The Manchurian Candidate: Assassins and the CIA
MK ULTRA and Mind Control
The MK ULTRA program ran until the late 1960s. In 1973, CIA director Richard Helms, fearing an investigation, ordered all records pertaining to MK ULTRA destroyed. This action hampered efforts by the congressional Church Committee and the presidential Rockefeller Commission to fully understand and investigate alleged abuses by the CIA.
Despite Helms' orders, some documentation of MK ULTRA survived. One memo describes the type of research into mood-altering chemicals and drugs the CIA pursued. MK ULTRA hoped to find:
- Substances which will promote illogical thinking and impulsiveness to the point where the recipient would be discredited in public.
- Substances which increase the efficiency of mentation and perception.
- Materials which will prevent or counteract the intoxicating effect of alcohol.
- Materials which will promote the intoxicating effect of alcohol.
- Materials which will produce the signs and symptoms of recognized diseases in a reversible way so that they may be used for malingering, etc.
- Materials which will render the induction of hypnosis easier or otherwise enhance its usefulness.
- Substances which will enhance the ability of individuals to withstand privation, torture and coercion during interrogation and so-called 'brain-washing.'
- Materials and physical methods which will produce amnesia for events preceding and during their use.
- Physical methods of producing shock and confusion over extended periods of time and capable of surreptitious use.
- Substances which produce physical disablement such as paralysis of the legs, acute anemia, etc.
- Substances which will produce 'pure' euphoria with no subsequent let-down.
- Substances which alter personality structure in such a way that the tendency of the recipient to become dependent upon another person is enhanced.
- A material which will cause mental confusion of such a type that the individual under its influence will find it difficult to maintain a fabrication under questioning.
- Substances which will lower the ambition and general working efficiency of men when administered in undetectable amounts.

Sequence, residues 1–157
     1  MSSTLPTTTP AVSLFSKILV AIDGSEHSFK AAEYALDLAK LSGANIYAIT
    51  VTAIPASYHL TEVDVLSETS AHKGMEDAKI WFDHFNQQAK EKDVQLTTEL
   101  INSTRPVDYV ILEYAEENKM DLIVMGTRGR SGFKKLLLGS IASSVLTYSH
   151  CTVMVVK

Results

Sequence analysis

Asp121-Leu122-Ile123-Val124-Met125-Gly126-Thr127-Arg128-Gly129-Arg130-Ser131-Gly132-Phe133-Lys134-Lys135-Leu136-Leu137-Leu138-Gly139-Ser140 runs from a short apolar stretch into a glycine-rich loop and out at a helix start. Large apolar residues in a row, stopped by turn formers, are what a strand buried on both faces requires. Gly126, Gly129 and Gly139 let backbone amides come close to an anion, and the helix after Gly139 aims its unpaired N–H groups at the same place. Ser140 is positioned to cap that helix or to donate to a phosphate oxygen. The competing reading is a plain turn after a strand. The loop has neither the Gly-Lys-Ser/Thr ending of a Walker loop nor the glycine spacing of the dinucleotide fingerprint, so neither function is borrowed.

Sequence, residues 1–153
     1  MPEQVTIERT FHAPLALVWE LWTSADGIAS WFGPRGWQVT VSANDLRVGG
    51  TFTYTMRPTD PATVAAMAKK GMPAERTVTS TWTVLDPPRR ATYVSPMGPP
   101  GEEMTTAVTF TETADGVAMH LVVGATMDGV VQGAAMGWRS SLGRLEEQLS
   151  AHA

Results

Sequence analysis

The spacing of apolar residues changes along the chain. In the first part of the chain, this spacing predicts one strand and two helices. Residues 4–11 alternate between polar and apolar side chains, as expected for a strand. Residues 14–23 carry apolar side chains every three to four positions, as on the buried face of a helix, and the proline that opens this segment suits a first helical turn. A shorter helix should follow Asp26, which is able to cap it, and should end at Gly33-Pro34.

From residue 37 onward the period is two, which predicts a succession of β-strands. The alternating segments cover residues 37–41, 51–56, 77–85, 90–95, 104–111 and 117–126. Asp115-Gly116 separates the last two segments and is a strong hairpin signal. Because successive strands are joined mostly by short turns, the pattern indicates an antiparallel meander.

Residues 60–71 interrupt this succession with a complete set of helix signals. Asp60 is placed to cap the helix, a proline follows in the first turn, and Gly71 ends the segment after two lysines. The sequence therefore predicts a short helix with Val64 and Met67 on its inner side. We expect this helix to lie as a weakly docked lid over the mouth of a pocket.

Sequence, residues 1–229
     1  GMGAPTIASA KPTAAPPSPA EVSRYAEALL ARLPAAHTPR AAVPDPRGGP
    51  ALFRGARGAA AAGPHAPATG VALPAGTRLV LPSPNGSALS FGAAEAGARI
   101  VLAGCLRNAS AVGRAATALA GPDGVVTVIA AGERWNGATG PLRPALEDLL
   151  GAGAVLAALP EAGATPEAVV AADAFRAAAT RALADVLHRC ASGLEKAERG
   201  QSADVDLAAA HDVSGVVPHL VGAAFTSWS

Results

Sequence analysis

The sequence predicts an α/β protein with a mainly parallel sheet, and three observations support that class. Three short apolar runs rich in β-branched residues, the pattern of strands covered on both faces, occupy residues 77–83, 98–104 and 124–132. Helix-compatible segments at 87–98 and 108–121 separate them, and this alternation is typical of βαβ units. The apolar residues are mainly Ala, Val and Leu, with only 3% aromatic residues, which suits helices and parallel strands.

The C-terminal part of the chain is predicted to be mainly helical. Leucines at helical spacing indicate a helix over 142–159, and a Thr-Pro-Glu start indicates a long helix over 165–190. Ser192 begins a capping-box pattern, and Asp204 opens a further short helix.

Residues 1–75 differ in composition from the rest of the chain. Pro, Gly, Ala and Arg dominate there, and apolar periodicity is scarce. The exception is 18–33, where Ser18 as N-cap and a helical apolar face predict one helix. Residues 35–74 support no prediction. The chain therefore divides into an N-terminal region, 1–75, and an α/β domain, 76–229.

- Substances which promote weakness or distortion of the eyesight or hearing faculties, preferably without permanent effects.
- A knockout pill which can surreptitiously be administered in drinks, food, cigarettes, as an aerosol, etc., which will be safe to use, provide a maximum of amnesia, and be suitable for use by agent types on an ad hoc basis.
- A material which can be surreptitiously administered by the above routes and which in very small amounts will make it impossible for a person to perform physical activity.
MK ULTRA also utilized civilians, members of the armed forces and prisoners in testing their various pharmacological concoctions. Assorted human guinea pigs were drugged with a wide range of substances, including mescaline, heroin, marijuana, morphine, MDMA, alcohol, psilocybin, scopolamine, sodium pentothal and their drug of choice, lysergic acid diethylamide (also known as LSD or acid).
Nazi Roots of MK ULTRA
MK ULTRA has its roots in Nazi Germany. Third Reich scientists were consumed with experimenting to test the limits of human mental endurance. Once World War II ended, the United States raced the Soviet Union to see which could collect more of the Fatherland's brilliant scientists. Operation Paperclip was enacted to ensure that the scientists recruited by America would not be burdened by their Nazi pasts; indeed even the name of the operation referred to the new identities that were "paperclipped" to the scientists' dossiers. The U.S. spirited away more than 200 German scientists, many of them rocket experts like Wernher von Braun. But a sizable number had expertise in the fields of torture and brainwashing. They were a perfect fit for the MK ULTRA and its predecessors, Project Bluebird and Project Artichoke.
MK ULTRA was given a wide berth at the CIA and afforded six percent of the agency's operating budget, a large expenditure for such a new, untested program. One early memo summarized the project's goal: "Can we get control of an individual to the point where he will do our bidding against his will and even against fundamental laws of nature, such as self-preservation?"
It's chilling to think that a nation founded on liberty and freedom from tyranny would be so interested in exploring such inimical concepts like total subjugation and abdication of an individual's free will—and that the government wanted this power so badly that it was willing to employ such reprehensible cohorts as Nazi Germans in its pursuit.